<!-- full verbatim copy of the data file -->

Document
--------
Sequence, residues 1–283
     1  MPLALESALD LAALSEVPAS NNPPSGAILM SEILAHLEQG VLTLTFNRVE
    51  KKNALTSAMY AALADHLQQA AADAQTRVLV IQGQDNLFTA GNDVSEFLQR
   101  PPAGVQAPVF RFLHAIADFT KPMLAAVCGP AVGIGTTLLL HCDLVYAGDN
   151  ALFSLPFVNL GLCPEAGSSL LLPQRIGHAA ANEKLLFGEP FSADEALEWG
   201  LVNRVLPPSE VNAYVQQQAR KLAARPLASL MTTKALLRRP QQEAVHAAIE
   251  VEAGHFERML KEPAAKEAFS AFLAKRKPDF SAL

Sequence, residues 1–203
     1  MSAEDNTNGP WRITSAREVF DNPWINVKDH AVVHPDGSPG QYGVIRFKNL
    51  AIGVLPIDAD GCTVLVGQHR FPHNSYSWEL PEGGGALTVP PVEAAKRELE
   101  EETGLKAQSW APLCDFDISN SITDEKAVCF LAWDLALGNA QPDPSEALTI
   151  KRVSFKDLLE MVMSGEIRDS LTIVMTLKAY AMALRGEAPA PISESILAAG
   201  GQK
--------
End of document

Sequence, residues 1–283
     1  MPLALESALD LAALSEVPAS NNPPSGAILM SEILAHLEQG VLTLTFNRVE
    51  KKNALTSAMY AALADHLQQA AADAQTRVLV IQGQDNLFTA GNDVSEFLQR
   101  PPAGVQAPVF RFLHAIADFT KPMLAAVCGP AVGIGTTLLL HCDLVYAGDN
   151  ALFSLPFVNL GLCPEAGSSL LLPQRIGHAA ANEKLLFGEP FSADEALEWG
   201  LVNRVLPPSE VNAYVQQQAR KLAARPLASL MTTKALLRRP QQEAVHAAIE
   251  VEAGHFERML KEPAAKEAFS AFLAKRKPDF SAL

Sequence, residues 1–203
     1  MSAEDNTNGP WRITSAREVF DNPWINVKDH AVVHPDGSPG QYGVIRFKNL
    51  AIGVLPIDAD GCTVLVGQHR FPHNSYSWEL PEGGGALTVP PVEAAKRELE
   101  EETGLKAQSW APLCDFDISN SITDEKAVCF LAWDLALGNA QPDPSEALTI
   151  KRVSFKDLLE MVMSGEIRDS LTIVMTLKAY AMALRGEAPA PISESILAAG
   201  GQK